A single bird circled overhead while infinite amounts of dust stirred underfoot. A company of four will do that to a dust road. A solitary traveller would be far more discreet. I had intended to come alone. Unfortunately, I’ve a guardian of sorts. Dirk, the stubborn creature that he is, hasn’t let me travel without his insistent presence for a month now. ‘I’ve a debt to repay.’ he says. ‘I’ve a duty to protect you.’ he says. ‘No lady should travel without company, Miss Kirin.’ he says.
What debt could Dirk possibly owe me? I mean, I didn’t deliberately save him from certain death. ‘Call it volunteer work.’ I told him. He didn’t listen. He just kept shaking his head, looking absurd all the while because the motion made his numerous dark braids waggle. A strange thing it was, to hear him spouting so much about honour while he looked so undignified.
Dirk wasn’t the only one who insisted upon accompanying me.
Joan. She was a feisty little redhead, impetuous too. No matter how she’d begged me, I’d never let her travel with me before. That is until Dirk had completely overridden me. He’d told her she could come. Can you believe that? Did it never occur to him that Joan was a ‘lady’ too?
Two extra was bad enough. Then the presence of a wild looking guide was added. He introduced himself as Pal. He seemed an alright character, if not slightly mad. Travelling barefoot on trails such as these tends to give that impression. As guide, Pal took the front of our group. Somehow, both Joan and Dirk had worked their way ahead of me. I was not made for this kind of climate with its relentless sun and dry air. You’d think it would have some effect on them too, given their heavy armour. However, Joan and Dirk seemed unperturbed, propelled by enthusiasm and stubbornness respectively.
Other than our foreign presence, all was relatively quiet on the path we travelled. The others went untroubled by any apprehension but I was on edge. Rocky walls flanked us; there was one way forward and one way back. In other words, there was nowhere to run. That knowledge made me horribly jumpy, my stance shifting faster than lightning at the most miniscule sound, staff brought to the ready. Each time Pal would call backward: ‘It’s just a scorpion’ or whatever it happened to be. He wouldn’t even turn. He didn’t need to; those pointed ears of his weren’t just for show. Pal’s ears heard each set of sounds with unrivalled clarity, and he could easily identify them. I’d noticed some sounds that had shadowed the company for some time now. Both he and I knew what they were; soft footfalls, the subtle swish of a cloak, an occasional quiet grunt. We were being followed, though even Pal could not discern where our observer was watching from. The sounds bounced off the rock faces too much. It was simple enough to determine the creator of a sound. To discern the location of its source was another matter entirely. He tried to look around without alerting the rest of us to his growing concern, I noticed though. From the look on his face, it was apparent that he saw no one, just rocks and dust. In the end, he dismissed his unease; I could tell because his ears stopped twitching. I decided to trust him and follow in his decision to ignore our mysterious shadow. This follower had been present for hours now and had done nothing. If he intended to do the company harm he had been given infinite chances to act.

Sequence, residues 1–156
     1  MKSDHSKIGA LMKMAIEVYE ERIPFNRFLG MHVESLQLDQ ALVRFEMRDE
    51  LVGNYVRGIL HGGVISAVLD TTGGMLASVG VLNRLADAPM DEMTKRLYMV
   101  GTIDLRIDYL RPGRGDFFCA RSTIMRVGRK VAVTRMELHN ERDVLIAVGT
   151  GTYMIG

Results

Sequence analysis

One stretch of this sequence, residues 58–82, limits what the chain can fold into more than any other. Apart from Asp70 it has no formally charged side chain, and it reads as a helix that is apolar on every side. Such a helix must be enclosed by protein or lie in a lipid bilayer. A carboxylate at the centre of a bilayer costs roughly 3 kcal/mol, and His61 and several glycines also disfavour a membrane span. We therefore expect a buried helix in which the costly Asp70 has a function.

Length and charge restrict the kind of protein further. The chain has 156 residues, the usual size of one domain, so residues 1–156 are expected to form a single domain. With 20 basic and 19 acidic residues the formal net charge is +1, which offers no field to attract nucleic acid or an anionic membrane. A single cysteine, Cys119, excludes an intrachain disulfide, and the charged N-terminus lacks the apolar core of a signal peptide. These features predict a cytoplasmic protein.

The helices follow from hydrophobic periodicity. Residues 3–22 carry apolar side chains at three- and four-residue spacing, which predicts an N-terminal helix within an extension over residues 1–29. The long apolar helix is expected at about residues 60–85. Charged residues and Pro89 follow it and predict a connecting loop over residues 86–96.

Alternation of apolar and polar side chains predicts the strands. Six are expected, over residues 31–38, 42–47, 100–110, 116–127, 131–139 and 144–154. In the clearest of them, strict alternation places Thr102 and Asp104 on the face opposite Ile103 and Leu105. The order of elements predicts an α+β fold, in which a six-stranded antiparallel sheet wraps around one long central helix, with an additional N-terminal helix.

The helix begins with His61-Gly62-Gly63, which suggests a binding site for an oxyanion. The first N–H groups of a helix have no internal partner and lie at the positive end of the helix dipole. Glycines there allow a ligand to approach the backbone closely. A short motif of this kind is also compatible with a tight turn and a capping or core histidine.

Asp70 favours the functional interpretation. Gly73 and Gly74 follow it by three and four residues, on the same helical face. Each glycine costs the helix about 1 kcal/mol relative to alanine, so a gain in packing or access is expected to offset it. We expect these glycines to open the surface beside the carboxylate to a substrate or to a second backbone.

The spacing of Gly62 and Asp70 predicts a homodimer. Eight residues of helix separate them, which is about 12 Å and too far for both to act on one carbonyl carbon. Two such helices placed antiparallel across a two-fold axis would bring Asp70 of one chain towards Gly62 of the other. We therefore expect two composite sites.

Out of nowhere, a strange screech was heard. Not the sound of an ordinary animal, certainly. This time it was Joan who flinched into a fighting stance. Judging by the way she spun, searching for something to attack, her fight or flight instincts were definitely calibrated towards fight.
‘What was that?’ Dirk asked. He received no answer as, seemingly from nowhere, it came barrelling towards us with speed unwarranted from such an ungainly looking creature. It possessed many tentacle-like appendages, though in place of suckers there were long spines. Dirk had managed to avoid its enormous claws and was busy climbing up a foreleg. Joan had recklessly leapt into the fray, one of her blades embedded deep in leathery hide. She clung on for dear life as it thrashed its head, shaking her like a rag doll. I tossed my ice spells at the thing as fast as I could recall them. An arrow went whizzing over my head to bury itself deep in monster flesh. The creature let out an ear-splitting howl. I turned just in time to see a hooded figure leap from one rocky outcrop to another. He let three arrows fly in quick succession. They sunk deeply into various points down the spine of the creature. It released another high-pitched cry.
‘Are we winning?’ Dirk questioned. He still clung to the creature, despite how much it had attempted to shake him and Joan from its body.
‘Not yet.’ The reply came from the hooded figure. He’d pulled another arrow from his quiver.
‘Who in blazes are you?’ Joan yelled. I was surprised her arm hadn’t been wrenched from its socket yet.
‘Does it really matter right now?’ he growled. I’d swear that voice was familiar.
Our battle with the creature continued. In the end, it was Pal who finally felled it. He’d taken it out with his spear. We had to carry on, so we left its twitching form behind us. The hooded archer that had joined our fight hadn’t left like I’d expected him to.
‘Why are you still here?’ I asked him, a day’s worth of impatience in my tone. He lowered his hood and then I knew why. ‘Brother?’
Does no one trust me to travel alone? Apparently not.